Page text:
Pithy, terse, cogent: Tim Wu on muni-Fi fail: If you want a city-wide network, and it's useful to the city, the city may need to pony up. The money sentence: "Private municipal wireless networks have to compete against competitors with better infrastructure who paid off their capital investments years ago." I'd also note that the competitors are highly subsidized, regulatorily protected, and have monopoly positions, to boot. Wu cites St. Cloud, Flor., as a success story, but the numbers aren't the whole story; read the current mayor's comment on MuniWireless from March 2007.
Martin Zaimov is running for mayor of Sofia, Bulgaria, on the free Wi-Fi platform: The candidate, described in this Sofia News Agency article as right wing, promises free Wi-Fi within a month in 100 locations in the city. There are 400,000 Internet users in Sofia, the article states. Isn't that a form of vote buying?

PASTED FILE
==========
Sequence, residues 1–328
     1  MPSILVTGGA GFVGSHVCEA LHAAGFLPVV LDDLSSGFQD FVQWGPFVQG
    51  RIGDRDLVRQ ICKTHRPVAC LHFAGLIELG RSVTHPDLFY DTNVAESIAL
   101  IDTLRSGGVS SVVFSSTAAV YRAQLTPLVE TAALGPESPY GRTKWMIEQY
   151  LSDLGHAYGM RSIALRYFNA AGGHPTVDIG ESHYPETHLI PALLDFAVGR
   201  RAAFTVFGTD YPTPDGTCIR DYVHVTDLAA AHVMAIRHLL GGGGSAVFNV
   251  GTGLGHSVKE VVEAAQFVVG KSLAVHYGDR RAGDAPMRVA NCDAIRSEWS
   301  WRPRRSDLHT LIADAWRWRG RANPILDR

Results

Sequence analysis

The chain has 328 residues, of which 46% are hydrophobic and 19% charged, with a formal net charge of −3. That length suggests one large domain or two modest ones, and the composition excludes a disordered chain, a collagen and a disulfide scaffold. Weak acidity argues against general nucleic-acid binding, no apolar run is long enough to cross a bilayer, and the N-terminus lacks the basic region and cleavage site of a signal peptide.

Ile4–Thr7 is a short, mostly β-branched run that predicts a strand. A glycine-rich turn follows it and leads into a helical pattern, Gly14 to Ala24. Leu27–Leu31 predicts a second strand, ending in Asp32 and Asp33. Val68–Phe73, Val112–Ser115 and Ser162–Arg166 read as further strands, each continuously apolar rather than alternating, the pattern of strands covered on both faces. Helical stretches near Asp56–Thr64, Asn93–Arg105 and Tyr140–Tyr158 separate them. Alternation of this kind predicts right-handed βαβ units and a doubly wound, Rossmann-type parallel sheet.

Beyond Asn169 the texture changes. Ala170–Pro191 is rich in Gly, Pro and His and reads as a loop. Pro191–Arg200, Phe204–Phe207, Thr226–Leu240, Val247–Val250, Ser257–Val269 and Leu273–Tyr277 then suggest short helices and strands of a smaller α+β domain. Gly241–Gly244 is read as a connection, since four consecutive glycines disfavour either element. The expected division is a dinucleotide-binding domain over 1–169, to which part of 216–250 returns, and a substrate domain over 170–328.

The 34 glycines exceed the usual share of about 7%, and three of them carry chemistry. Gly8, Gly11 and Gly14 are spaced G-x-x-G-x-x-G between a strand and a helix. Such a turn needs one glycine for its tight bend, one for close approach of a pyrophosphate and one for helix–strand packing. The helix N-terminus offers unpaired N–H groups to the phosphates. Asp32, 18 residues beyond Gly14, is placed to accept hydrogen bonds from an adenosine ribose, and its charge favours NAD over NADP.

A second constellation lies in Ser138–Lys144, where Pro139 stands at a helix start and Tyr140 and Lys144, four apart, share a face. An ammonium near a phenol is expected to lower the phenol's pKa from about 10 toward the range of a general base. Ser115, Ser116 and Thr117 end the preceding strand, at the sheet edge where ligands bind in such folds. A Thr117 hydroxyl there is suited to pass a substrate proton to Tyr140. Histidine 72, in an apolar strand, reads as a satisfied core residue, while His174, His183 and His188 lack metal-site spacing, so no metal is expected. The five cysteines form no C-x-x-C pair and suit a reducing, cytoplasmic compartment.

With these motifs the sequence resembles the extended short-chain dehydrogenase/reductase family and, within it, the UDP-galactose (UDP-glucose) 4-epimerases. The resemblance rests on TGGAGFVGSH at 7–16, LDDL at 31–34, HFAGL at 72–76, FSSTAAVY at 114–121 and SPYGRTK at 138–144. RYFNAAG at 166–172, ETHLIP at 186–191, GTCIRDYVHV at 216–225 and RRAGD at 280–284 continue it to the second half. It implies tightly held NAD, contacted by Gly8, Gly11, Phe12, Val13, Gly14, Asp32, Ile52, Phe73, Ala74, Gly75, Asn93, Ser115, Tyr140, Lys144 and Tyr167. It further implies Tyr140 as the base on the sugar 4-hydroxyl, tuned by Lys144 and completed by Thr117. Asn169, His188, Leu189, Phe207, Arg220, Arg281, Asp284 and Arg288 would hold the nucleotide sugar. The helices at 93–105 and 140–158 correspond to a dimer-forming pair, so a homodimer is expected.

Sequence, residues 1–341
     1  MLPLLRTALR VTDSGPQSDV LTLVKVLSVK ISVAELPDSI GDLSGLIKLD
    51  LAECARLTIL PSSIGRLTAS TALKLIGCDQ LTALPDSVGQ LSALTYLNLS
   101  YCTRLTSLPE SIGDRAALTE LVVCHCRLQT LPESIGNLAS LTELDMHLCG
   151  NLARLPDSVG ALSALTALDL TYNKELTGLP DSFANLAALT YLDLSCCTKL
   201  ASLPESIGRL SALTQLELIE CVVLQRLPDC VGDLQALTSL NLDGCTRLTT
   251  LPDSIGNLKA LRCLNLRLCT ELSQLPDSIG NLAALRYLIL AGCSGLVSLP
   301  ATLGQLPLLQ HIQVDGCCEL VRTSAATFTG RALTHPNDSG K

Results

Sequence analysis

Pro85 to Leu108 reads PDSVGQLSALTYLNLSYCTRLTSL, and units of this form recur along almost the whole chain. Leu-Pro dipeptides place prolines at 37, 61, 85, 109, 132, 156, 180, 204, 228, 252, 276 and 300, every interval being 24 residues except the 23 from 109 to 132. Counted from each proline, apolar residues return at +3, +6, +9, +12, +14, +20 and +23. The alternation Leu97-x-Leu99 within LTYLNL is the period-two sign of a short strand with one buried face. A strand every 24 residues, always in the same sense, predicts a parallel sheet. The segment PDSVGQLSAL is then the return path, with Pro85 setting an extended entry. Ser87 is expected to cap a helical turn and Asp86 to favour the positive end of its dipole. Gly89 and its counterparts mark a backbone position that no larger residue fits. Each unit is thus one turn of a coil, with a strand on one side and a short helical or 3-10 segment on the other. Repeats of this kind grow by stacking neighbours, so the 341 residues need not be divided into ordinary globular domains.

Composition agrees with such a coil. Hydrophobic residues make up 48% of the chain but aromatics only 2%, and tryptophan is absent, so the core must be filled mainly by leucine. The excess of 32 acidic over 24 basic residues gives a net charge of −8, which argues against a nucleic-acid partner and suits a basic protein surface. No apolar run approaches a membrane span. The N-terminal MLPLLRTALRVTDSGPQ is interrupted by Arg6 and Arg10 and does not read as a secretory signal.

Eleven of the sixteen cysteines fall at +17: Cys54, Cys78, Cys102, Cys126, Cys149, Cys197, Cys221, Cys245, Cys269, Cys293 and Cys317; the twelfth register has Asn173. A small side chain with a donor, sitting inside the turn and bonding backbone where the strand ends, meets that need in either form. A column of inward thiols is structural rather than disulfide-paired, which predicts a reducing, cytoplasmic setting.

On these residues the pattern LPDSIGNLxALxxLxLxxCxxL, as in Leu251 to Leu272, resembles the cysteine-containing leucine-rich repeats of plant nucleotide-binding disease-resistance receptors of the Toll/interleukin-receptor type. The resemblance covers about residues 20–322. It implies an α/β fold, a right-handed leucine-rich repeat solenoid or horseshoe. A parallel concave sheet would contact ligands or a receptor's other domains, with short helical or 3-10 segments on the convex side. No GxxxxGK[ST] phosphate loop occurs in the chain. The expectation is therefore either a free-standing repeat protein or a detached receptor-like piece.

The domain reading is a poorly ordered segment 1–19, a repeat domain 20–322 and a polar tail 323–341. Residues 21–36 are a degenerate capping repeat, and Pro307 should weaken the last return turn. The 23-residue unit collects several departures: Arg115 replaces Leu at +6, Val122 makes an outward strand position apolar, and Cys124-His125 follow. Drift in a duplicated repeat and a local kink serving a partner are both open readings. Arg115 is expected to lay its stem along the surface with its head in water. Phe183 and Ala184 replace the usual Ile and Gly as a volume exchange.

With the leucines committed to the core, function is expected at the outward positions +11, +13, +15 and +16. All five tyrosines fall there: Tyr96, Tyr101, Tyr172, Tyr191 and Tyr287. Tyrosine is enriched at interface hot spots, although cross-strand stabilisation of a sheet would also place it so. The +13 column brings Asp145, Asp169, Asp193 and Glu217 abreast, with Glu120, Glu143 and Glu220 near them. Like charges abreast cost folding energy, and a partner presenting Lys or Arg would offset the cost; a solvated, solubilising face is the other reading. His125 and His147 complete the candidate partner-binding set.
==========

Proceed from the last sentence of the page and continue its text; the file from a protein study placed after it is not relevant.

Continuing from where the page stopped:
St. Paul, Minn., wants fiber: A trend? Comcast and Qwest oppose the move: "'Government-run broadband networks are risky ventures that often rely on overly optimistic subscriber and revenue projections. When the networks fail to meet financial goals, the taxpayers get stuck with the bill,' said Andrew Schriner, Qwest's director of public policy." I love the smell of industry-funded-think-tank reports in the morning.
Chicago expands surveillance system with wireless links: Firetide's gear was tapped to extend the fiber-backed infrastructure that runs Operation Virtual Shield--something with a name like that must be fantastic!--a system of video surveillance that tracks traffic and analyzes inputs for suspicious patterns across parts of the city. I'm not a fan of the police state with Big Brother watching us, but I do like my personal safety. Tradeoffs, tradeoffs... (For more information on this topic, read Philip K. Dick's Minority Report, or, for that matter, any Philip K. Dick novel.)